Layer by Layer

Deemed as a transformative approach to industrial production, additive manufacturing is the current rage in the global industry. The titans of the Indian industry expound their views on its opportunities, the challenges in the way of embracing it and the ways to overcome them...



AM benefits galore

Additive Manufacturing (AM) is slowly but gradually revolutionizing the way products are manufactured. AM is slowly but gradually revolutionizing the way products are manufactured. One of its key advantages is that it reduces lead time of manufacturing prototypes. For many years, manufacturers have used AM to quickly develop prototypes for validation purpose before taking up mass production. AM also allows multiple iterations of these prototypes to be printed in a very short span of time significantly contributing to the product development lifecycle. What can be seen from the graph below is that with the increase in complexity of a part its cost of manufacturing by conventional means increases exponentially. However, in the AM technology, there is no influence of complexity on the cost of a part. This opens up opportunities for designers and manufacturers where for ease of manufacturing using traditional techniques, complex parts or assemblies are split into multiple individual parts which are then assembled together. This allows part consolidation to be done, hence minimizing the total number of parts. Similarly, AM allows different variety of parts to be printed together without any cost impact. Hence, there is no minimum print quantity in AM.

The tooling industry seems to have accelerated the adoption of AM in their manufacturing processes. Plastic parts with complex profiles, curved surfaces and varying wall thicknesses tend to take much longer time for cooling. Today, time is money and in the Injection Moulding industry, cycle time is usually determined by the cooling Injection moulders. Complex conformal cooling channel circuits that are impossible to be created through conventional manufacturing methods can be 3D printed in order to bring about uniform cooling in the injection moulding dies that ultimately leads to an improvized part quality and cycle times.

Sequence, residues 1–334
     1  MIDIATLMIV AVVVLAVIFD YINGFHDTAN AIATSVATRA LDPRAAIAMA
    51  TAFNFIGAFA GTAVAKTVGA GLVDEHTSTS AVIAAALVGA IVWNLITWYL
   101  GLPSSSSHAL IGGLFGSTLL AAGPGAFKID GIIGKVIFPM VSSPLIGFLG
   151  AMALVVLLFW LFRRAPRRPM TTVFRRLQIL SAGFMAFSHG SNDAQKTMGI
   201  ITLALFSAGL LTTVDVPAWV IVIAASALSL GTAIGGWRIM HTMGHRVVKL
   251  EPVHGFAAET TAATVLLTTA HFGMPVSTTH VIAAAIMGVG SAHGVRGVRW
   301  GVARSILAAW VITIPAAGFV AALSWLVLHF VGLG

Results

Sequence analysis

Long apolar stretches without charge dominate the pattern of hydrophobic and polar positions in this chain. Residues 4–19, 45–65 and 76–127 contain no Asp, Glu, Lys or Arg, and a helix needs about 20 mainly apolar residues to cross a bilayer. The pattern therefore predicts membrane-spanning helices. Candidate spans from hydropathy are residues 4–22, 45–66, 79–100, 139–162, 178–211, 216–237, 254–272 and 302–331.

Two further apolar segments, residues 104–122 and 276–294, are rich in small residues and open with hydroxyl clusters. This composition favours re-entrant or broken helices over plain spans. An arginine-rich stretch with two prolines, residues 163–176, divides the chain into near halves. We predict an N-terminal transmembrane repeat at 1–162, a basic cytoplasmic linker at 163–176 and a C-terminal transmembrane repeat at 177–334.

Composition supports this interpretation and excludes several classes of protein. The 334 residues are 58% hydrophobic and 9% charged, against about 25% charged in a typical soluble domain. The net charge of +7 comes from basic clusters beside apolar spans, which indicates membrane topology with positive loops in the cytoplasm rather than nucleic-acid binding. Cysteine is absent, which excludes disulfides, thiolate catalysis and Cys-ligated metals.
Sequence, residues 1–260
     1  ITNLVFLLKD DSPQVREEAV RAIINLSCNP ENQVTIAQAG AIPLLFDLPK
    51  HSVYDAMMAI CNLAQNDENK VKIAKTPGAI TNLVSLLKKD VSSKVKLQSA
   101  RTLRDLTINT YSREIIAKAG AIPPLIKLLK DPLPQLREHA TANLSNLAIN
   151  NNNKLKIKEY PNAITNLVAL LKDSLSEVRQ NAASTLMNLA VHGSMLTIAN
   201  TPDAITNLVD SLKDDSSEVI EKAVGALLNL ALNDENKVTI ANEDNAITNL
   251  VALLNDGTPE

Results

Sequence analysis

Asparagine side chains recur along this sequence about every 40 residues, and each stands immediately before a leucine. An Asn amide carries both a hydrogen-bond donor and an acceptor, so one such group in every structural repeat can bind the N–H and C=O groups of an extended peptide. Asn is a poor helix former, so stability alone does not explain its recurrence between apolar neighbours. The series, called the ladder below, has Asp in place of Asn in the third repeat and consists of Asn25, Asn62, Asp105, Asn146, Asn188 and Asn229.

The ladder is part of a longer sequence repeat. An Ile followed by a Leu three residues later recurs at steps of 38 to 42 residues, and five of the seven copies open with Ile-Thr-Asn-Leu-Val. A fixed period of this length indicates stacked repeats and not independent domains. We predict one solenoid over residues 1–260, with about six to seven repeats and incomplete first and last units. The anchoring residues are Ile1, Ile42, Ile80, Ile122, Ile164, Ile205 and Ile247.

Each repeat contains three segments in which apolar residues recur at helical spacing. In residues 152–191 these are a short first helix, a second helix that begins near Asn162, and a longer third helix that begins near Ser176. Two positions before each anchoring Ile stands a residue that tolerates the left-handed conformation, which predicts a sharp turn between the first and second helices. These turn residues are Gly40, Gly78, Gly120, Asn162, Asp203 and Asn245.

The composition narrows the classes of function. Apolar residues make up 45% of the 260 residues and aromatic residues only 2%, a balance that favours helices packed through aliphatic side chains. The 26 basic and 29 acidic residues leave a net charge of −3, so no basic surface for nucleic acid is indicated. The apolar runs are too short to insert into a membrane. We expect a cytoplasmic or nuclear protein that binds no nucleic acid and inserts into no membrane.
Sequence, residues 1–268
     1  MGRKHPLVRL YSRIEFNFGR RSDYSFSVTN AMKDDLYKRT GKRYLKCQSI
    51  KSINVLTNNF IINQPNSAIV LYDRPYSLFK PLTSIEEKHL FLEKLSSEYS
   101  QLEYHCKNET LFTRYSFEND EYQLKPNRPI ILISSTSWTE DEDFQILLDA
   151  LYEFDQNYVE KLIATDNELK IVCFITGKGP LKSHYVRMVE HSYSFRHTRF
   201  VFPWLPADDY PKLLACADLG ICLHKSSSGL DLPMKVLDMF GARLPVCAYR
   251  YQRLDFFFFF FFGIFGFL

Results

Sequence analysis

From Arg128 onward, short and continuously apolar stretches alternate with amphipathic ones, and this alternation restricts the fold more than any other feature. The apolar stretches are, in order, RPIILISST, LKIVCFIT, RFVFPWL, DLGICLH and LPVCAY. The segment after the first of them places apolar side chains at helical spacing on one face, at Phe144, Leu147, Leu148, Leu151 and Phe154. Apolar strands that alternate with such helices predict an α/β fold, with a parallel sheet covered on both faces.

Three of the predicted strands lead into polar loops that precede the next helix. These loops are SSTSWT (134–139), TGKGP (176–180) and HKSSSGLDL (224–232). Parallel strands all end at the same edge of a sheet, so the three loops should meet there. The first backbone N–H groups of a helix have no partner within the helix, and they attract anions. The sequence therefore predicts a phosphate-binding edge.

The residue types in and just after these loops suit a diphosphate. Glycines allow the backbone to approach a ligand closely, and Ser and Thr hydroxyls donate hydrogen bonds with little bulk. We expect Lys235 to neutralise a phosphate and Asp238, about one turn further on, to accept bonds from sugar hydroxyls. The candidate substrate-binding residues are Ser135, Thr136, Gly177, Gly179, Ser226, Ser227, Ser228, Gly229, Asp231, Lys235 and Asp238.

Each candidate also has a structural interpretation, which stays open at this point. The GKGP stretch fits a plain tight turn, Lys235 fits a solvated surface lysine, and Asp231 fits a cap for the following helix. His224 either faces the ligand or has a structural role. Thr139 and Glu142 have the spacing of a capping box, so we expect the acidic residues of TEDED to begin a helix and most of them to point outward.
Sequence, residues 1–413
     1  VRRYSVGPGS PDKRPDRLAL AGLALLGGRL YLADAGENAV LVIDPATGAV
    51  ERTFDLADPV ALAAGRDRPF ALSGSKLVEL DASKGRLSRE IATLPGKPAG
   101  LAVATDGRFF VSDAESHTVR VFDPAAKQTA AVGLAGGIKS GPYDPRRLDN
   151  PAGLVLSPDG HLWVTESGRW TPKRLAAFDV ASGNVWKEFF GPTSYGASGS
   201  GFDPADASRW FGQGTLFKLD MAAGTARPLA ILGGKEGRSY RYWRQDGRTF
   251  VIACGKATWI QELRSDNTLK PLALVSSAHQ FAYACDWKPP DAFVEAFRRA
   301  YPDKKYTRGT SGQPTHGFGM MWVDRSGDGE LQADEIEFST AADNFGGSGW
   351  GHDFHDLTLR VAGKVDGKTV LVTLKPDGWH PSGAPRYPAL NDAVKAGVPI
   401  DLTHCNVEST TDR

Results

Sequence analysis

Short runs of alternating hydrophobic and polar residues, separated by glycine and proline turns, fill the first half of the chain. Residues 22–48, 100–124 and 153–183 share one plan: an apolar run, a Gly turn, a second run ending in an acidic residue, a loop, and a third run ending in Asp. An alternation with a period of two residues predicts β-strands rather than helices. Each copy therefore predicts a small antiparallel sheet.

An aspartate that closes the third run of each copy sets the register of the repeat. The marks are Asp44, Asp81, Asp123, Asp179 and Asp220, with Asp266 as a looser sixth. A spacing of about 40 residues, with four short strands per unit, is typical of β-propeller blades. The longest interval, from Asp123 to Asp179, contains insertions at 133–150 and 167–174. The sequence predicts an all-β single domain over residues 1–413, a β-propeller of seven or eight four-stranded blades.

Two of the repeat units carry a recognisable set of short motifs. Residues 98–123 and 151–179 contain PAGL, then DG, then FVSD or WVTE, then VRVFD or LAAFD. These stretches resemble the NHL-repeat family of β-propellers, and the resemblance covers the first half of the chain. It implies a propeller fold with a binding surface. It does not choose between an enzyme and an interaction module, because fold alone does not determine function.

Relearning DfAM

Since its emergence in the 1980s, AM has grown beyond the scope of rapid prototyping. Once deployed purely for prototyping applications, it is today increasingly being used for tooling, space, aviation and defence parts, marine and automotive spare parts and other small series and batch production. AM has found innovative applications and is helping reduce production costs, lead times and enhance product performance. Interestingly, many automakers in the US and Europe have already deployed 3D printing to manufacture parts for their premium automobile models. However, various studies have found that over 63 percent of enterprises deploy AM for prototyping applications, while only 21 percent utilize AM to manufacture parts that that cannot be made with any other manufacturing technology.

One of the key challenges is understanding of design concepts for AM which is now popularly known as DfAM (design for additive manufacturing). Some of the conventional design techniques will have to be unlearnt and DfAM will have to be relearnt. This not only makes the designed parts more suitable to AM but also can lead to cost reduction. To bring about AM awareness and enable a smooth transition of AM into production related activities, many software providers are now offering AM software suites that contain Design for AM (DfAM), Generative designing and other optimization tools. Another challenge is the high cost machines, making the overall process expensive. However, with time the costs of machines have been reducing and the machines are getting more productive in nature. This allows more printing to be done in lesser time making it more cost effective. In spite of this, the overall cost of additive manufacturing is substantially higher than the conventional methods for more type of parts. Today, there are a few emerging manufacturers in India introducing their advanced printing machines at cost-effective prices which will make the process more affordable in the times ahead.

The high raw material cost is another factor inhibiting large-scale adoption of the AM technology. The economies of scale will lead to a constant reduction in the raw material price, allowing more parts to be printed and used quickly. With the emergence of domestic powder manufacturers, we are likely to see raw material available for printing at competitive rates. While AM is a relatively new technology, there are still gaps to close in terms of availability of certain popular materials. Specific applications have specific materials due to the inherent properties. Not all materials have been qualified for printing by the manufacturers limiting the printing process to a select few that have been well established. Some of the more popular materials such as cast iron and steels like C45 etc. are yet to be established in the AM route. It’s a continuous endeavor by machine OEMs and powder manufacturers to develop new materials suiting specific applications. Although AM makes it possible to print assemblies with very short lead time, poor surface finish and the requirement of specialized post processing techniques make the process unattractive for production. To address this issue, machine OEMs, in particular, are coming up with machines that can print parts with enhanced surface finish and minimize post processing related activities.